by Jesse Randall
There was an old woman at Exeter who tried to keep everything for herself. Her greatest hope was to get on Hoarders and become famous. I’ll throw this stuff out as soon as I’m famous, she thought to herself. And she did. As soon as she became famous, which was never, she did.
Old Mother Shuttle lived in a coal scuttle. Every hour, she took a shower. But it didn’t matter, she just got fatter with many layers of coal dust, until she was just a mother whom no one could see.
Here comes the old woman from the wood. What canst thee do? Do anything! whereupon the old woman imitates some occupation in which an old woman might engage, such as sewing, sweeping, cunnilingus, knitting, digging a garden, fixing the toilet, chopping wood, kneading bread, spanking someone, using a computer, stirring cake, washing, ironing, etc., whereupon the opponent tries to guess from the pantomime the occupation indicated. The winner is the one who makes the old woman cry or laugh the soonest. The old woman cannot herself win.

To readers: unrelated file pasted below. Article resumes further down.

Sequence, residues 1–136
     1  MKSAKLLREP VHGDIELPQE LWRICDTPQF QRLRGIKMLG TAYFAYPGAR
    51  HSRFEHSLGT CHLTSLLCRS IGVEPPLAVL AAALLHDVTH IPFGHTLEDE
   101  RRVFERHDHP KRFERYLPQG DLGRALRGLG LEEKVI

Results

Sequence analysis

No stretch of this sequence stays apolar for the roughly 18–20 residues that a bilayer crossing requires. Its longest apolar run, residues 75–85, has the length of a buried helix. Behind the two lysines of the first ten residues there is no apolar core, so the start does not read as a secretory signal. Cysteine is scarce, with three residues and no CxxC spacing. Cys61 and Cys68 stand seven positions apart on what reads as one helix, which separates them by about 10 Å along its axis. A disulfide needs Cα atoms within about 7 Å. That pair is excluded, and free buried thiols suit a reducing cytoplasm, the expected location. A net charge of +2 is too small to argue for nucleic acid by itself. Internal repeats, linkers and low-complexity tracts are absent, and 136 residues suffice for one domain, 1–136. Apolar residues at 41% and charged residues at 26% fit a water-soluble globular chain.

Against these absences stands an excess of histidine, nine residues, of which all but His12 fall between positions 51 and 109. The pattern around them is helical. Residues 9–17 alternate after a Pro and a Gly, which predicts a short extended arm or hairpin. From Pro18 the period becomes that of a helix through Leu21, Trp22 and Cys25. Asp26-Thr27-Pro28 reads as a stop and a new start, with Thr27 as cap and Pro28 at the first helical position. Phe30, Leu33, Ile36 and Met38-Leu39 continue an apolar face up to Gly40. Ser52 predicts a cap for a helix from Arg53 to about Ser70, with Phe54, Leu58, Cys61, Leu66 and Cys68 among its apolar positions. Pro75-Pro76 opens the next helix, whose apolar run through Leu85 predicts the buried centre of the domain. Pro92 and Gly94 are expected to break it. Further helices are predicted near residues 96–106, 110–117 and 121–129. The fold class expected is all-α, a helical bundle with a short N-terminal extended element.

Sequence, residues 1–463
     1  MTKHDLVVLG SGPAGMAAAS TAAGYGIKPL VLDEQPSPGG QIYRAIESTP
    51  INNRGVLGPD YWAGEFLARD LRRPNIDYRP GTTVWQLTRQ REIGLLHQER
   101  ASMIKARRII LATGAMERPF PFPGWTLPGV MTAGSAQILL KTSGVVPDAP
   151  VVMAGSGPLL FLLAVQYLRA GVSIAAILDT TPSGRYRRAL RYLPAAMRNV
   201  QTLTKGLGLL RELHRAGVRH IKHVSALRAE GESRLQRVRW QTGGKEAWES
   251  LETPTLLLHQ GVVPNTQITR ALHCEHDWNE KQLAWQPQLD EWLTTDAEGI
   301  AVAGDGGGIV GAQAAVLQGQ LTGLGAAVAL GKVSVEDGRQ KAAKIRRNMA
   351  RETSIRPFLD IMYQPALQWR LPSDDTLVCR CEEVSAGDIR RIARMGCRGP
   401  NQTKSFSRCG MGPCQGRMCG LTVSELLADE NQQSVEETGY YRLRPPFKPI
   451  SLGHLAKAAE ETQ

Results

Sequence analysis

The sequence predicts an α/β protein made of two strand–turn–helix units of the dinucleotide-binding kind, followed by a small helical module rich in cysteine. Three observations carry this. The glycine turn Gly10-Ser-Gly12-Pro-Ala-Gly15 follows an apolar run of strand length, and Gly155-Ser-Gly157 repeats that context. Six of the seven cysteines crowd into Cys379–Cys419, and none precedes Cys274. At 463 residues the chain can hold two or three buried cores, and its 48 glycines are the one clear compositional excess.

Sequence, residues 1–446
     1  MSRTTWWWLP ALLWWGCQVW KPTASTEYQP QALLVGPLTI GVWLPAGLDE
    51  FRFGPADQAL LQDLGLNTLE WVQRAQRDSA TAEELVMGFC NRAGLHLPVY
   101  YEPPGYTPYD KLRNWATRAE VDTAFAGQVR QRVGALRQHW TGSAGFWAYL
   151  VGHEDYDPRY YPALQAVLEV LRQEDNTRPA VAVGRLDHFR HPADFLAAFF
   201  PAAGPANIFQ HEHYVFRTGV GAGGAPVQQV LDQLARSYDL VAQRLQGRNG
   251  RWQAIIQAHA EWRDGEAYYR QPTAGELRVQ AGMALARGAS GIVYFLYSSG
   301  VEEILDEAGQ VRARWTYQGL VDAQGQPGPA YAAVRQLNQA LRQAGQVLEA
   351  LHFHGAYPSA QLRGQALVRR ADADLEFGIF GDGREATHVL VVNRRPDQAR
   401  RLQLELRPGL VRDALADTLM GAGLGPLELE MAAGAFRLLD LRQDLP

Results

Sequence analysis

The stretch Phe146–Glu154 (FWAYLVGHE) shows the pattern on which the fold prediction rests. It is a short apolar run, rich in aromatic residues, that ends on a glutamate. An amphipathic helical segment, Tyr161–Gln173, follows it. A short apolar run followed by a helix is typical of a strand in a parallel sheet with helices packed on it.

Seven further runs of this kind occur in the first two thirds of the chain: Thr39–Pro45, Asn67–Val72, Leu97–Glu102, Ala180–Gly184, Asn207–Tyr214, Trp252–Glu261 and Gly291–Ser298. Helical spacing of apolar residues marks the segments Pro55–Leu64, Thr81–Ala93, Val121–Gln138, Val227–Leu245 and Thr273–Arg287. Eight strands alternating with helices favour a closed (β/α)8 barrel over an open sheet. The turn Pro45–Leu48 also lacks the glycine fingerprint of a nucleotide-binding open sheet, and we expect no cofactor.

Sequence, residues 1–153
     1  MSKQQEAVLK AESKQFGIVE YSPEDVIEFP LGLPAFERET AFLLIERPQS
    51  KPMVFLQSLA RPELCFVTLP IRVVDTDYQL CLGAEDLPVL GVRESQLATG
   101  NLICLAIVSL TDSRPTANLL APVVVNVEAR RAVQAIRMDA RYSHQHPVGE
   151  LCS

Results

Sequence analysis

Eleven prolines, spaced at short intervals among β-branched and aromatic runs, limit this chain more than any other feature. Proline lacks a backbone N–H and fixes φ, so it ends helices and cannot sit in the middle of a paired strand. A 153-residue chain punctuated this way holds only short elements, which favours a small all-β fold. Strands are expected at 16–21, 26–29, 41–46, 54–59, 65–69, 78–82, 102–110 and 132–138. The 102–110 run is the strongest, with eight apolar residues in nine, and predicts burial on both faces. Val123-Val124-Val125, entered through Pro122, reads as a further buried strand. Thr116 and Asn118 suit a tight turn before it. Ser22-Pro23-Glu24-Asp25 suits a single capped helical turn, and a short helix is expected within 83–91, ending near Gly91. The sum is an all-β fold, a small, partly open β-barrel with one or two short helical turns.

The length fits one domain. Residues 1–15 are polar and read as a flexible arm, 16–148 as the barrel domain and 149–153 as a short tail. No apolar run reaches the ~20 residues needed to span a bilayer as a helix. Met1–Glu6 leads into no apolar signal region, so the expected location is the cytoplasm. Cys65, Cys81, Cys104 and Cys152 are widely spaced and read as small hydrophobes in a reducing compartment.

Old Mother Niddity Nod swore by the pudding-bag, and the invective that came out of her mouth would have knocked over a horse, a deaf horse, a herd of deaf horses, it was all mother-fuck and cock-sucker that, with hyphens, because it was the olden days and swearing was only for men and mostly consisted of things like “gol durn it.” Gol durn it, this pudding-bag's empty and I wanted some mother-fucking pudding, for example.
Old Nancy Netty Cote with a white petticoat has no appendages and dwindles with age. She melts like a witch, gives light in the pitch, and is made of silence and rage.
Because I work in a library, I have access to a number of odd books. The lines in bold in these prose poems are taken from various editions of Mother Goose rhymes, mostly from the early 20th century.
Jessy Randall's poems, poetry comics, and other things have appeared in Asimov's, McSweeney's, and West Wind. She is a librarian at Colorado College. Find her online here: personalwebs.coloradocollege.edu/~jrandall